«Lalu Rohingya Women»
Размеры (высота. ширина, мм): 355,6 x 304,8;
Техника исполнения: Oil on panel;
Год создания: 2017.
British artist and human rights activist Hannah Rose Thomas’ exhibition ‘Tears of Gold compiles three projects that she has been working on since 2017, collecting together her portrait paintings of Yezidi women who escaped ISIS captivity, Rohingya women who fled violence in Myanmar and Nigerian women who survived Boko Haram and Fulani violence. These portraits depict women from three different parts of the world and three different religions. Many of the women personally suffered sexual violence; others represent their wider community and the countless un-told stories of horror. All have been targeted on account of their faith and/or ethnicity and suffered additional vulnerability due to their gender.
Hannah met these women during her time organising art projects in Iraqi Kurdistan, Bangladeshi refugee camps and Northern Nigeria respectively. During the art projects Hannah taught the women how to paint their self-portraits as a way to share their stories with the rest of the world. Many of the women chose to paint themselves with glistening tears of gold: this inspired the title of the exhibition. Hannah’s portraits are a visual testimony not only of war and injustice but also of humanity, dignity and resilience. Through her paintings Hannah seeks to give voice to the voiceless, lionise the isolated and prescribe dignity to the persecuted and forcibly displaced.
During her MA at the Prince’s School of Traditional Art, Hannah specialised in early Renaissance egg tempera painting and gilding. For the portraits of Yezidi, Rohingya and Nigerian women Hannah chose the sacred imagery, painting techniques and gold leaf traditionally used for paintings of the Virgin Mary – the Mater Dolorosa, Mother of Sorrows – in the Renaissance. This is because Mary, like these Yezidi, Rohingya and Nigerian women, knew what it means to be poor, oppressed, a refugee; and for her heart to be pierced with grief at the loss of her beloved Son.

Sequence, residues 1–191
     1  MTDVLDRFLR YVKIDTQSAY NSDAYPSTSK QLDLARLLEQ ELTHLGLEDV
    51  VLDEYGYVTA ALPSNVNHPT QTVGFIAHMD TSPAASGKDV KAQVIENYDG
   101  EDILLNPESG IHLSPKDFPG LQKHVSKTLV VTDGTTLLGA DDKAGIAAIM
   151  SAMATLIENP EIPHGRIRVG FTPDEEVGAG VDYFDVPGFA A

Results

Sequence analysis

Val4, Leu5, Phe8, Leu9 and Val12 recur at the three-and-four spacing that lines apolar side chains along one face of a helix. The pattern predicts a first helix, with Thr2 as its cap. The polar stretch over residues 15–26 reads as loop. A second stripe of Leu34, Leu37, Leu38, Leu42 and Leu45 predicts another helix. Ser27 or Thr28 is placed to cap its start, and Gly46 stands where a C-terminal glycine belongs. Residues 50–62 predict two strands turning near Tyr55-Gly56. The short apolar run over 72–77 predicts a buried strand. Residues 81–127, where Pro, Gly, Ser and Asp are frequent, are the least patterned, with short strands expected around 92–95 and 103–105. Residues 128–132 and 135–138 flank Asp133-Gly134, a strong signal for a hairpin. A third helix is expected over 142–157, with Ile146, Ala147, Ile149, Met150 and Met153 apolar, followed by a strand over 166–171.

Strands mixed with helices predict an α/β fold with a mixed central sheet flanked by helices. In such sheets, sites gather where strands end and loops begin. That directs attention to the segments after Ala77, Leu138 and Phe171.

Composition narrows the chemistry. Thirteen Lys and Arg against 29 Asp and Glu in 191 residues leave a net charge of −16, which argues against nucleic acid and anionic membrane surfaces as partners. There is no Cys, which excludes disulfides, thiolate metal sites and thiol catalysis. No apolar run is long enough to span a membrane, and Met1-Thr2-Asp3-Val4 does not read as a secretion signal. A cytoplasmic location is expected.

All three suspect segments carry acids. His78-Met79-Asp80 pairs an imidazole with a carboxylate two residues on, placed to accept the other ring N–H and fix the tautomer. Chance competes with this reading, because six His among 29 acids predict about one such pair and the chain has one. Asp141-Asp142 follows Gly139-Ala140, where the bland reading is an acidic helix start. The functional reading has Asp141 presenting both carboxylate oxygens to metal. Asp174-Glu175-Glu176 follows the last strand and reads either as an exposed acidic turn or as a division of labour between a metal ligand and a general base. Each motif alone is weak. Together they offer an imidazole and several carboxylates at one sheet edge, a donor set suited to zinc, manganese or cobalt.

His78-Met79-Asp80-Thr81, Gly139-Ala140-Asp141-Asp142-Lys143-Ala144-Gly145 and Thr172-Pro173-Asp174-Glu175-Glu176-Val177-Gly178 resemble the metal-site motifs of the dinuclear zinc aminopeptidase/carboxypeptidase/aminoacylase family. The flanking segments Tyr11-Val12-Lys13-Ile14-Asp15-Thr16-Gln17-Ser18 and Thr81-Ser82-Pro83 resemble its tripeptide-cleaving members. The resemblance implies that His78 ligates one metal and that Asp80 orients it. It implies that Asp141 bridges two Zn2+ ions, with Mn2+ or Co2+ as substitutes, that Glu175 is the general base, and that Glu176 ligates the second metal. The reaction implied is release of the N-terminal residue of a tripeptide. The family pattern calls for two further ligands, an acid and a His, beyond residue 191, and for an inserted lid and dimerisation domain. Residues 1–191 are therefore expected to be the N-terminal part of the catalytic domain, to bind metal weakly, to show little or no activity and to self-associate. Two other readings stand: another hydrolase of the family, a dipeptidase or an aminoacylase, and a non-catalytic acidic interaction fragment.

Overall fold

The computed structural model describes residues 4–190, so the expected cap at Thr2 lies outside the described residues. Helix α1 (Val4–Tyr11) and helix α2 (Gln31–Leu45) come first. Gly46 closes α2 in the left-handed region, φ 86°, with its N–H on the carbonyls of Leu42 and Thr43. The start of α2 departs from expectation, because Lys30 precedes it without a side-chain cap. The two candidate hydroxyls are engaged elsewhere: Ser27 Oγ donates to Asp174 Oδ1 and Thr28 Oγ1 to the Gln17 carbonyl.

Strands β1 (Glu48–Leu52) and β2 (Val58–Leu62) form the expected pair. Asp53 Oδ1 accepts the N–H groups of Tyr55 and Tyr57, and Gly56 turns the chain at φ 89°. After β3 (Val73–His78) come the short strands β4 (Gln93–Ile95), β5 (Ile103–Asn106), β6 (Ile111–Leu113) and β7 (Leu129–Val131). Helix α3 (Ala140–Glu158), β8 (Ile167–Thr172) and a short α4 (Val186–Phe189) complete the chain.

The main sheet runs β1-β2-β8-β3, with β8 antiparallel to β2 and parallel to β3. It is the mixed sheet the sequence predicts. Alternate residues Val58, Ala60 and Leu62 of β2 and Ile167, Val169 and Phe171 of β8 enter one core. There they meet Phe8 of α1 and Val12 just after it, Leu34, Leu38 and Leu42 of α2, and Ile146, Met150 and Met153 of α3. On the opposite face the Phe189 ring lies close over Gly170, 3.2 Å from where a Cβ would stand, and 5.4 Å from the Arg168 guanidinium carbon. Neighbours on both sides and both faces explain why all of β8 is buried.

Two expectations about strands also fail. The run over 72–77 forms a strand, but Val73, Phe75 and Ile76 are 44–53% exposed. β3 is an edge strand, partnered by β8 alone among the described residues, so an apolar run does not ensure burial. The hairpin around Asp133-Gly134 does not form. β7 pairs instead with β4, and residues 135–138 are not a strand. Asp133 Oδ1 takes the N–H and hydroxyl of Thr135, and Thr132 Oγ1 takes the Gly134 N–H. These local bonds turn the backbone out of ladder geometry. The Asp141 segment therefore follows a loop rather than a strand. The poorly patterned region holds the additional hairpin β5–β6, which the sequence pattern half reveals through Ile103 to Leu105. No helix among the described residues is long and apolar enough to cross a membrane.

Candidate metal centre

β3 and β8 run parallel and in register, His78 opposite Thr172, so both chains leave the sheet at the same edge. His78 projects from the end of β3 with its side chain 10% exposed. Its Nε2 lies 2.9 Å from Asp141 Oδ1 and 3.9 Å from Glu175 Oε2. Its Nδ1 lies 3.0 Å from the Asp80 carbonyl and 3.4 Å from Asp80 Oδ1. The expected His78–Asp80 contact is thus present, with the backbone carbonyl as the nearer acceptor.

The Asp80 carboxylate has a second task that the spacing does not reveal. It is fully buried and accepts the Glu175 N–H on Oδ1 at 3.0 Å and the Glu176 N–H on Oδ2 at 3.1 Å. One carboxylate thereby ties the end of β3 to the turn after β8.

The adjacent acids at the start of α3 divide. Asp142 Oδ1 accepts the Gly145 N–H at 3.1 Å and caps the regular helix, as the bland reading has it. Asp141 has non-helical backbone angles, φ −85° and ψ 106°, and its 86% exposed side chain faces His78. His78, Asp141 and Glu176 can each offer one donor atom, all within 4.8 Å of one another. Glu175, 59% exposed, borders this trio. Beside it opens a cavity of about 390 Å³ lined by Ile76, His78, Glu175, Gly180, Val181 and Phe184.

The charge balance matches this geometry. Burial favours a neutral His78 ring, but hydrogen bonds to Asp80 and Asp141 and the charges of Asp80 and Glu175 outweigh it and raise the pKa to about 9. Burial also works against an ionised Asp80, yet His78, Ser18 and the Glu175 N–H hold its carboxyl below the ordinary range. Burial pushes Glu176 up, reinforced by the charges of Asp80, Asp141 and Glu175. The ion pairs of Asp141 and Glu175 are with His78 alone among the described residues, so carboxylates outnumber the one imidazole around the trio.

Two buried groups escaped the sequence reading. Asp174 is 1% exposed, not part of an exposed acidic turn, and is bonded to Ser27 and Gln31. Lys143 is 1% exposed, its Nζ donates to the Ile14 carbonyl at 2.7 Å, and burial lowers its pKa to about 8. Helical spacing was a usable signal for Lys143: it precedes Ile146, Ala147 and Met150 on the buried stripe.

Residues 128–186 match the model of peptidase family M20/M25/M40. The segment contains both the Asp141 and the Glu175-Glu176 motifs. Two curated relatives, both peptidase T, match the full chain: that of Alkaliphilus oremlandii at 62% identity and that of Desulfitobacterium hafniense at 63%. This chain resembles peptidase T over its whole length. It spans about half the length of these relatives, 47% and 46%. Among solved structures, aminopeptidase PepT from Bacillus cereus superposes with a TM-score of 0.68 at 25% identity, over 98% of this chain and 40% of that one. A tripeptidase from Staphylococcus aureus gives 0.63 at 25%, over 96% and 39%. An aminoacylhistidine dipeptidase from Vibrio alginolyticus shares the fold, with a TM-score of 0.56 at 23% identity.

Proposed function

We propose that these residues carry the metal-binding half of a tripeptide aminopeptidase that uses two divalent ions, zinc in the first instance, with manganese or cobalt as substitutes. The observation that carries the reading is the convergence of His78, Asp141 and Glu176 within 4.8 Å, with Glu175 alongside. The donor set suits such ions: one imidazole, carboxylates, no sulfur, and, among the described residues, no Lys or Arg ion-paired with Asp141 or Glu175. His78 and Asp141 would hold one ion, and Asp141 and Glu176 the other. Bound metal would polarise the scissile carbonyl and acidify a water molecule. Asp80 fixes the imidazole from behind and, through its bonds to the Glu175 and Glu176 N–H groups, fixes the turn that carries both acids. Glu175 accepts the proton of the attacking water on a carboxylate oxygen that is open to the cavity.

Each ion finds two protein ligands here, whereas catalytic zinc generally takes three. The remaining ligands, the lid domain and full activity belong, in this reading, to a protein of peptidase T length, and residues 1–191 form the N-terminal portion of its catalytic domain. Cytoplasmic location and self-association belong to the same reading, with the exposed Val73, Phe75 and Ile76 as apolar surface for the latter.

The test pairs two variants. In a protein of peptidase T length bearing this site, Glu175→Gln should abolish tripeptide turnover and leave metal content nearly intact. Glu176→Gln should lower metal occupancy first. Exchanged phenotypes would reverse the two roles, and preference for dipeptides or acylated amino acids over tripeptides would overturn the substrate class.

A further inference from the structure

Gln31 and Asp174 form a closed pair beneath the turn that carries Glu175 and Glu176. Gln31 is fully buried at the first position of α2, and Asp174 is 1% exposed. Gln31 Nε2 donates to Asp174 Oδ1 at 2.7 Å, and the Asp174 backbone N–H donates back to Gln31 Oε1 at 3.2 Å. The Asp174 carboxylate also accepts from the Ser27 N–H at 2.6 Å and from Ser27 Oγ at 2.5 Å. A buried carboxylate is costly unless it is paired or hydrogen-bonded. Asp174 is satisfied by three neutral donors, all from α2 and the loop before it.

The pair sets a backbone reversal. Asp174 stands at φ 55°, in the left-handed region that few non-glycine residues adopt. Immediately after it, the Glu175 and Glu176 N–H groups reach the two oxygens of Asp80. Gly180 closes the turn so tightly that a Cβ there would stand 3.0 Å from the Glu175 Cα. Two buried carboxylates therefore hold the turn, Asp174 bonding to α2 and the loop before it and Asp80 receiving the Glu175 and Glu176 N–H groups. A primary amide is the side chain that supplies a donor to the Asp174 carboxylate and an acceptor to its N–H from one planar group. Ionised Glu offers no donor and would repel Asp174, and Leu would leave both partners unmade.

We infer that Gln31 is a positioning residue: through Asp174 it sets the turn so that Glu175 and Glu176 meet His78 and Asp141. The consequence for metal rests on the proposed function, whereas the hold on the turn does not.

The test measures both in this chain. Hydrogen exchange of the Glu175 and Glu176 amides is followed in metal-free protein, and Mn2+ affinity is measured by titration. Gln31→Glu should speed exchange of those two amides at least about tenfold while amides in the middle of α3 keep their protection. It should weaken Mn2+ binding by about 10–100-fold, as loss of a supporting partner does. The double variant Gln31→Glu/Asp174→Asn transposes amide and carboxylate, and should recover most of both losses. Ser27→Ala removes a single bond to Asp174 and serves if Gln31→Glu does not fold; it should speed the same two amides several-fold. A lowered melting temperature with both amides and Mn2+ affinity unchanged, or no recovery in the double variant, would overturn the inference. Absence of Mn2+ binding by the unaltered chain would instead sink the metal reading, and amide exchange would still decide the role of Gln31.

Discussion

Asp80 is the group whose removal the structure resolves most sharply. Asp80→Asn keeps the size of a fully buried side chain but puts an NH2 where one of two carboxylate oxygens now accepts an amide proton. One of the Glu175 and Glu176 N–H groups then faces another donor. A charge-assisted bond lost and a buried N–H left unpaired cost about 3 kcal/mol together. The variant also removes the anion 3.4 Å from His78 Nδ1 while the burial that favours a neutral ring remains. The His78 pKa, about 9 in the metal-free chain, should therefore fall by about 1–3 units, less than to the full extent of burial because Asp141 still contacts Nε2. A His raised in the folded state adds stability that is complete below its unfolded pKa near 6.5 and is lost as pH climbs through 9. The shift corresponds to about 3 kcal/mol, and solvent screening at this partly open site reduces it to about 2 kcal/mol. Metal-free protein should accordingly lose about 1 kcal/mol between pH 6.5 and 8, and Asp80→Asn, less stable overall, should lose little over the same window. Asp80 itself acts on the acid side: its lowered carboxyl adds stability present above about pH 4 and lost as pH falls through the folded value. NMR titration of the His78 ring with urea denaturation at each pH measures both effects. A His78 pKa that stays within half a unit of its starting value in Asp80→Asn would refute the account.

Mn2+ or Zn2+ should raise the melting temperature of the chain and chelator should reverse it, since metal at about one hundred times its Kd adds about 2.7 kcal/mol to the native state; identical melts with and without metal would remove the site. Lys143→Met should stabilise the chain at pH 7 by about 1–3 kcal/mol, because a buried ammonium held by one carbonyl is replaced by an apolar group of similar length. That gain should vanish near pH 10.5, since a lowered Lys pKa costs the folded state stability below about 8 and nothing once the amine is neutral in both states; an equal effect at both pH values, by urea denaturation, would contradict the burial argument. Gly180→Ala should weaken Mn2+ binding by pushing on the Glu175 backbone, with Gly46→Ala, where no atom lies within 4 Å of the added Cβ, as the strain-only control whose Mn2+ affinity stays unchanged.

These paintings, like those of the Mater Dolorosa, seek to emotionally engage the viewer and inspire compassion, and are also meditations on the universal human experiences of suffering, grief and loss. In these portraits we see a glimpse of the women’s unspeakable grief but it is also a reminder that we all face grief, sorrow and loss at different times in life. We are not so different; we are inextricably connected to one another.
As a portrait painter Hannah hopes to communicate something of the beauty and worth of each individual in the eyes of God, regardless of race, religion, gender or social status. The use of gold leaf f is to show the sacred value of these women, in spite of all that they have suffered. It is symbolic of the restoration of dignity, especially important considering the stigma surrounding sexual violence.
Thomas’ work has been exhibited at prestigious venues such as the UK Houses of Parliament, European Parliament The Foreign and Commonwealth Office, GCHQ, Lambeth Palace, Westminster Abbey and The Saatchi Gallery. Three of Thomas’ paintings of Yezidi women were chosen by HRH The Prince of Wales for his exhibition Prince & Patron in Buckingham Palace in summer 2018. Tears of Gold was featured for the virtual exhibition with Google Arts & Culture to mark the UN’s Official 75th Anniversary Programme, ‘The Future is Unwritten: Artists for Tomorrow.’
Hannah was selected for the Forbes 30 Under 30 2019 for her work using art as a powerful tool for advocacy. She is shortlisted for the Women of the Future Award 2020 and a World Humanitarian Forum Youth Changemaker 2020 and UN Women UK 2020 Award Nominee. Hannah is currently a UNESCO ‘Art Lab for Human Rights and Dialogue’ PhD Scholar at the University of Glasgow.
- Client Hannah Rose Thomas
- Date Thursday September 10th, 2020
- Tags works